Though there are Vineland Stills and Mount Laurel Stills and now a Stills diaspora around the country, most of the memories reside in Lawnside. In its heyday, from the 1920s through the 1960s, Lawnside was a center of entertainment, fun, and recreation for the local black community—and prominent visitors as well.
“There were barbecue pits on both sides of Evesham Road, which were especially busy on summer Saturdays,” says Clarence Still. Someone—maybe the county, maybe just enterprising residents—dammed up a portion of the Cooper River in the 1930s, making a lake that had paddleboats, rowboats, and swimming throughout the summer. Clubs along Evesham were the rage from the Depression through the 1960s.
“There was Pearl’s Celebrity Room and the Acorn and the Hi-Hat on the White Horse Pike. There was the Cotton Club and Dreamland and the Whippoorwill,” says Clarence. “It was partying and dancing and eating, and if a big celebrity was in Philadelphia—Sammy Davis Jr., Count Basie, Sarah Vaughan, Joe Louis—you could be sure he or she would come over during the day or after they were done performing.”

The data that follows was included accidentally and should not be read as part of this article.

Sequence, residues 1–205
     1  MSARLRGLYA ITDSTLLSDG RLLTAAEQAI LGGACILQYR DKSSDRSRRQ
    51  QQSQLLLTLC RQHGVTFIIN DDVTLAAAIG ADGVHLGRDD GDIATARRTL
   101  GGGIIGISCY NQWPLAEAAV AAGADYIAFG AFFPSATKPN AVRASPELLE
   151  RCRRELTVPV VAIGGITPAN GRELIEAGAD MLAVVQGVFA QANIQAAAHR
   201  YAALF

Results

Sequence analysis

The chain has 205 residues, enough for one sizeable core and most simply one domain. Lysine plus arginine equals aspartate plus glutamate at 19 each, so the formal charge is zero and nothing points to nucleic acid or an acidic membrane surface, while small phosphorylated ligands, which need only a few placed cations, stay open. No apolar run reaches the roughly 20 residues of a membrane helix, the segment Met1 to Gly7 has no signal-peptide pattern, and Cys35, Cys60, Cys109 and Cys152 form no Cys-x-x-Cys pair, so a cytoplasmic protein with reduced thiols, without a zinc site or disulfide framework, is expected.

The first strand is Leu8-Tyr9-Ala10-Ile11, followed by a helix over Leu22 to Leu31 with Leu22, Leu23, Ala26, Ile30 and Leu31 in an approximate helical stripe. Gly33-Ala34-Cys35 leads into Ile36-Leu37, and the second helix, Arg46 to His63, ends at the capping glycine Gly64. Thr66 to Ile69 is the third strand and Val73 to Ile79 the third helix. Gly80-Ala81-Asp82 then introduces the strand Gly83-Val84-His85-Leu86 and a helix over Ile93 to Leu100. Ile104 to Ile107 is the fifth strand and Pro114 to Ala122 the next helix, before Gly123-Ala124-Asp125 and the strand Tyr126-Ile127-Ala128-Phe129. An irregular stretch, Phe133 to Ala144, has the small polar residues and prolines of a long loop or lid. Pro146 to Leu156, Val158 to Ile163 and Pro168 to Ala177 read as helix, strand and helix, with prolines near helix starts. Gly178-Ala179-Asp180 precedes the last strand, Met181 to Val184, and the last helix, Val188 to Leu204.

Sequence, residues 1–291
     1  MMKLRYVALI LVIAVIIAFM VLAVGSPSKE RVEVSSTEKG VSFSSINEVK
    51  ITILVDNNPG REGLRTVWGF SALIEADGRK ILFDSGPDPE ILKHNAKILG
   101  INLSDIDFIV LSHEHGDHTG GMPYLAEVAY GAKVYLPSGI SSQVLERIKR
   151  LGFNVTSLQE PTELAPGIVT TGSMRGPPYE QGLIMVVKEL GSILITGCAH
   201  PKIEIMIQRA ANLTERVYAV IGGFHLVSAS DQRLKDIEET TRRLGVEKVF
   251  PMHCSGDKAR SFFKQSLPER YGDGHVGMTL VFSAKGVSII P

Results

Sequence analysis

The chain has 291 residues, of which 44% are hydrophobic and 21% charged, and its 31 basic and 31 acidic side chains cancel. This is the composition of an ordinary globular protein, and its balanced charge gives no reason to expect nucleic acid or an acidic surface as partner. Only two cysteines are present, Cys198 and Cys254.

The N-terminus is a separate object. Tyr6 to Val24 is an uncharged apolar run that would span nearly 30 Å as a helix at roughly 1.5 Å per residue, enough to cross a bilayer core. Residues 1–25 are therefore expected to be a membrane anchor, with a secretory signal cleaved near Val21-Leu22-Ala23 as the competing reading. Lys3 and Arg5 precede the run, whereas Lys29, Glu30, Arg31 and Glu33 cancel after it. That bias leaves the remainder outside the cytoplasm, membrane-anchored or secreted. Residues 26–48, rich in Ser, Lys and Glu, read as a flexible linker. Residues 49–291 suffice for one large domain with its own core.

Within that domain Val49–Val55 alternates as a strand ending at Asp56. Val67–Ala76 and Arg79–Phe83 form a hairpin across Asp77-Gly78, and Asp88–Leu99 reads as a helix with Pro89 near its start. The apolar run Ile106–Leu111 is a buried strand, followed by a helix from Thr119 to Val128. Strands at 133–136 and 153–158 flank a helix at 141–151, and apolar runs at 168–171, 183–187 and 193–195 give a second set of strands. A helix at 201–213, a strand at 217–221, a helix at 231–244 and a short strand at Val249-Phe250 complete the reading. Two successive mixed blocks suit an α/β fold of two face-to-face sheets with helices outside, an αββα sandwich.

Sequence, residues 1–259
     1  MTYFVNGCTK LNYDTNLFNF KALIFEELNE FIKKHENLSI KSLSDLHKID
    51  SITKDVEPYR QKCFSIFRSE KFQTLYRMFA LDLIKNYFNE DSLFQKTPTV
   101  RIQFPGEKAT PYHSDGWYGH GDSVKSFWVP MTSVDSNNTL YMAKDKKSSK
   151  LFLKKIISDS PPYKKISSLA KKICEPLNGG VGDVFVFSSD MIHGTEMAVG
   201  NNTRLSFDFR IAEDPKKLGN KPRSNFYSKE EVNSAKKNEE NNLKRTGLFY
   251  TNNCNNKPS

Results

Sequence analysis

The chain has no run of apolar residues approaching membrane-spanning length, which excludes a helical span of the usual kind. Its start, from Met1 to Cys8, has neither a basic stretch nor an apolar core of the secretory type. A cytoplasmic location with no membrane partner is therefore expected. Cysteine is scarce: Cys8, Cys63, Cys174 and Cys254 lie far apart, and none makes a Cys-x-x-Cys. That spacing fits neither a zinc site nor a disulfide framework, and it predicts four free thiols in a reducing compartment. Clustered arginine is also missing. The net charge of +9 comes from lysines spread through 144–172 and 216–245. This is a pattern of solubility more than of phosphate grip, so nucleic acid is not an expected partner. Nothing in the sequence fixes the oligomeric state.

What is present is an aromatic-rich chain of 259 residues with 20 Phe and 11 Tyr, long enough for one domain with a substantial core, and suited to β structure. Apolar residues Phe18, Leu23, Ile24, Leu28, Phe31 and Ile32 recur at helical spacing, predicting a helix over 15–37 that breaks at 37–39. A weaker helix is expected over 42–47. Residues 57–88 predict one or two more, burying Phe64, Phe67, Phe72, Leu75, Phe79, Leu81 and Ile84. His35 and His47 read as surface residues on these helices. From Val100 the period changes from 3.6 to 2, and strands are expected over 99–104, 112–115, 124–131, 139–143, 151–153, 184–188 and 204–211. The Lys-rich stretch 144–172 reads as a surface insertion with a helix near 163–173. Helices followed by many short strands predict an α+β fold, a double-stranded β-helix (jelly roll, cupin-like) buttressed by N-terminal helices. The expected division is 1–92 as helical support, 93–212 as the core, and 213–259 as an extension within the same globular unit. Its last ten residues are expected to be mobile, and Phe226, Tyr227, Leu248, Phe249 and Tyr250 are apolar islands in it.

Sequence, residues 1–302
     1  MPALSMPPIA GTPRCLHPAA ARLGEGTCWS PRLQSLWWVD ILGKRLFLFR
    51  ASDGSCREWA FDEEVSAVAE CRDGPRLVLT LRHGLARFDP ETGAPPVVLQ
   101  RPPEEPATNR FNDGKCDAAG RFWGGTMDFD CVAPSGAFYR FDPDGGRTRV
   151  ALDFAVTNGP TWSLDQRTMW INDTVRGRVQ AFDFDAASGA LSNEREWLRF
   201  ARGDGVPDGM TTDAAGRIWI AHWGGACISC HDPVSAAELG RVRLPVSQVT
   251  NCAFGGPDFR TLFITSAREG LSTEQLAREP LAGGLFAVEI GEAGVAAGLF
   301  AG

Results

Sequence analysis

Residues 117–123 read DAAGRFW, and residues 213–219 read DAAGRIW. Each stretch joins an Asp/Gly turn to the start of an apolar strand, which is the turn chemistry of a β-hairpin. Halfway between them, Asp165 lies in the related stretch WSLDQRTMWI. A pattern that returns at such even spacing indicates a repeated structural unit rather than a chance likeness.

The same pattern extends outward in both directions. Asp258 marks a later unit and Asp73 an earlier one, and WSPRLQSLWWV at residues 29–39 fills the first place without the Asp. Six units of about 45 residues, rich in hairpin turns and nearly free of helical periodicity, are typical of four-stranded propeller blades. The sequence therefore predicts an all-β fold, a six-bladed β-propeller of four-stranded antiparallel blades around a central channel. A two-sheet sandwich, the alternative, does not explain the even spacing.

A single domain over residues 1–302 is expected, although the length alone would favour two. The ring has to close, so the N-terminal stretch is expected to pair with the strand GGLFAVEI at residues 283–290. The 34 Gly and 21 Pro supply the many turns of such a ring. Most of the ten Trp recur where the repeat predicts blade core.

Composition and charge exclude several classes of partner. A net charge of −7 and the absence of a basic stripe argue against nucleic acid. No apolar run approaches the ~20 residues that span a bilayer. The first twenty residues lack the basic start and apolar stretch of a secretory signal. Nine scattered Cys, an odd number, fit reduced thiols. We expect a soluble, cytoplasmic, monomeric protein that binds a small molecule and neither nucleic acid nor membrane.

The Stills would be there, too. “We weren’t a family to miss a party,” he says. “And even if they lived elsewhere, they would come back to Lawnside.”
Lawnside is a quieter place now. “Mostly, it is just a bedroom community,” he says. But there are visits from young Stills like Keaira, who lives in Philadelphia but always remembers home and family.
“When I drive around Lawnside, I always see someone who is related to me, and I can almost guarantee the person I don’t know is something like my mother’s brother’s cousin’s daughter,” she says with a hearty laugh—also emblematic of all the Stills. “It’s one of those amazing feelings you should have in life, a place to go where you always have someone who is like you.”
Robert Strauss is a frequent contributor. He lives in Haddonfield.